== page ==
Although it may be tough to see past Christian Bale, Melissa Leo also pulls out a fantastic performance as the mother of the boxing duo. She is trying to manage Mickey's career but it is never clear whose interests she really has at heart. It would be silly to try to cast her singularly as the monstrous mother as she is so much more than that. She is strong and determined to make sure the family stays together and has an army of daughters to ensure she achieves her goal at whatever expense. Opposing his mother is Amy Adams as the underachieving girlfriend, she proves her versatility as an actor branching out from her typical sweet demeanor. In this movie she shines as a character hardened by strife and the only one strong enough to pull Mickey away from the talons of his mother.

It is the relationships in Mickey's life that drives the heart of the movie. All the characters seem to know what is best as they battle over Mickey's soul. Marky Mark understands the talent he has surrounded himself with and it is to his credit that he decides to step back and allow the chemistry of the project to take over.

Inside the ring the cinematography differs from other boxing movie. In Rocky, for example, every hit seems to be a haymaker and for the most part that is what the audience wants to see, but not how a real boxing match takes place. To capture the feel of the fights Russell chose to use Beta Cameras, which is what would have been used to capture the fights in the early nineties. They also received help from the HBO film crews whose years of experience around the ring helped the fight scenes feel more plausible than previous boxing movies.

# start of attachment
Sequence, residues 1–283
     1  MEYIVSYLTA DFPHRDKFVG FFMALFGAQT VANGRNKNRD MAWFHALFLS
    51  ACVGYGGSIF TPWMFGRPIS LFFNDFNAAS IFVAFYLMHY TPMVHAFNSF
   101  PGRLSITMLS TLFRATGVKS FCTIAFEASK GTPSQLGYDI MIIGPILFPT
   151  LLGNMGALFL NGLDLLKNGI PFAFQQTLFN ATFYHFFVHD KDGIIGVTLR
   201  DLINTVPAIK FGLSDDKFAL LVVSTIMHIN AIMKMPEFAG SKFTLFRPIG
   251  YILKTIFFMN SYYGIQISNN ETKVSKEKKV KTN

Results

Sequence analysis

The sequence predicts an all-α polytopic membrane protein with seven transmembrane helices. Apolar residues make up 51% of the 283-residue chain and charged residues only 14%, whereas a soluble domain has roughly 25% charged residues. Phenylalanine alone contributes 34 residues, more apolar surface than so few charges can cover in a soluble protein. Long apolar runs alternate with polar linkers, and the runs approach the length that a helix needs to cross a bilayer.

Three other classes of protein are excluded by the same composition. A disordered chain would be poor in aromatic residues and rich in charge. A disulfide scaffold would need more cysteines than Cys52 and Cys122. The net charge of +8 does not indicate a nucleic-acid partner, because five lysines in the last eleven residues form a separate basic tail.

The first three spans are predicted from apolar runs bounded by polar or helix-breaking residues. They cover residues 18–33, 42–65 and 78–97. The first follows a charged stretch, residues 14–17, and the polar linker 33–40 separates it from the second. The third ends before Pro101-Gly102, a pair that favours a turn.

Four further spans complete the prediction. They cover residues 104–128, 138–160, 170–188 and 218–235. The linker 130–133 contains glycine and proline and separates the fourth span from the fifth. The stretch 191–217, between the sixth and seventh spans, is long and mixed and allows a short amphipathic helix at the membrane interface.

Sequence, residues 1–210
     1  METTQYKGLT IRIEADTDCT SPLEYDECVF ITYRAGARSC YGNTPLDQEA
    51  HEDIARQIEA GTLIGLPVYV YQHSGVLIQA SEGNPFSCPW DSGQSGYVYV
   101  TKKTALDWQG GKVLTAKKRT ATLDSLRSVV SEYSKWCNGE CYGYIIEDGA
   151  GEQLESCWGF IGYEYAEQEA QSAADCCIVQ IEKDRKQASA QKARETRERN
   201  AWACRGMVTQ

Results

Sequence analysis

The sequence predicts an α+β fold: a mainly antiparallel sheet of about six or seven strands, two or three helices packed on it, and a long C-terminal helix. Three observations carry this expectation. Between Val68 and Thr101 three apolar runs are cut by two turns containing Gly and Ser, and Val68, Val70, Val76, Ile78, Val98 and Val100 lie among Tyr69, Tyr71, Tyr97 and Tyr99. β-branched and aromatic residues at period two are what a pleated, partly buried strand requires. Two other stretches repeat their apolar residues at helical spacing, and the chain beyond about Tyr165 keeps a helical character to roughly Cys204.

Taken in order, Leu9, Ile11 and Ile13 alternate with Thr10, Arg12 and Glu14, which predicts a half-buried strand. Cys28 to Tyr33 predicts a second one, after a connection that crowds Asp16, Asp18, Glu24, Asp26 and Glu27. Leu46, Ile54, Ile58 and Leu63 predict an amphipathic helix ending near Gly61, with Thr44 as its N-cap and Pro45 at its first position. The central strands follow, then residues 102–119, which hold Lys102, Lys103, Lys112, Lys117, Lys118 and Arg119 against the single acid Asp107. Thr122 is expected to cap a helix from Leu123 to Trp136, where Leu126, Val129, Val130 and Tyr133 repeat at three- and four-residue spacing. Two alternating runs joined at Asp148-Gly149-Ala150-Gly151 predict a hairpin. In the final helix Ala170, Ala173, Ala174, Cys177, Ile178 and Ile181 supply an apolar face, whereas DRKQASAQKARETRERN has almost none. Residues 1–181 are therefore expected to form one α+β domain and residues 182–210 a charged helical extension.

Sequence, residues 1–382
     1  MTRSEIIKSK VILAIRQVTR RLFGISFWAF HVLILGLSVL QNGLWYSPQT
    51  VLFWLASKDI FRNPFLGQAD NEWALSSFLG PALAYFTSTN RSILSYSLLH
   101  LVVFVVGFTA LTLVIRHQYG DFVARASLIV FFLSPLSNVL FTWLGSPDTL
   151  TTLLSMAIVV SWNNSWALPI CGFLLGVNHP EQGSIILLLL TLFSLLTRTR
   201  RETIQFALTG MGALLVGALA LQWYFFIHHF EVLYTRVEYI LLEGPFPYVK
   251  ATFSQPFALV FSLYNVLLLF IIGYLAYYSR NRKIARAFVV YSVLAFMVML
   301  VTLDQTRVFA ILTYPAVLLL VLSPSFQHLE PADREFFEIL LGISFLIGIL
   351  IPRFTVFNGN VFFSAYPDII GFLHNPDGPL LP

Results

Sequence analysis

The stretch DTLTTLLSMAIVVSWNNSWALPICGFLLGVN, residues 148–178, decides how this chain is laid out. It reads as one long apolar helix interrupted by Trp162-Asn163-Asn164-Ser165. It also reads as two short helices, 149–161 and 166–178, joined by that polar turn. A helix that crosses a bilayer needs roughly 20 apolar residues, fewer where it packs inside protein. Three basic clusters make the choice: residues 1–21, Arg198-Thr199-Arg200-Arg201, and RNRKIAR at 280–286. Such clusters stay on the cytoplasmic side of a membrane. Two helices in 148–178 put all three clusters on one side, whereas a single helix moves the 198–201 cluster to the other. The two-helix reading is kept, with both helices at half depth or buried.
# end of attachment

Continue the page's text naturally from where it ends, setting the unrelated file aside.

Boxing as a sport seems to be headed to the wayside with the emergence of mixed martial arts. Leaving most of us to only admire times and stories gone by. Wahlberg proves that he cares about this project and his passion is projected off the screen to the viewers. A-

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January 13, 2011
Great review! For some reason I keep on smiling everytime I see "marky Mark"....nice touch! I liked this movie quite a bit; I was amazed by Bale's character and he may have ran away with the show. Thanks!
 
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More The Fighter (2010 film) reviews
review by . December 18, 2010
posted in Movie Hype
A Fight To Win In Life and in The Boxing Ring!
   Sports dramas that channel an inspiring ‘underdog’ story. It is pretty cliché nowadays in the halls of filmmaking. Well, director David O. Russell’s “The Fighter” stems from cliché but then again, sometimes real life is all about cliché. It centers on the real-life story of Irish boxer Micky Ward and his half-brother Dickie Eklund. This film is the third collaboration between Russell and Wahlberg, the first two being “Three Kings” …
review by . March 23, 2011
Let's just start off by saying I hate sports movies, there I said it.  I didn't cry when at the end of Rudy, I didn't cheer at the end of Rocky and I didn't bother watching Friday Night Lights or Any Given Sunday.  To me, they're all the same in some way or another whether true or not, an over dramatic story about how someone with nothing rises up through adversity and blah, blah, blah.  It's mostly due to the fact that I'm not much of a sports fan …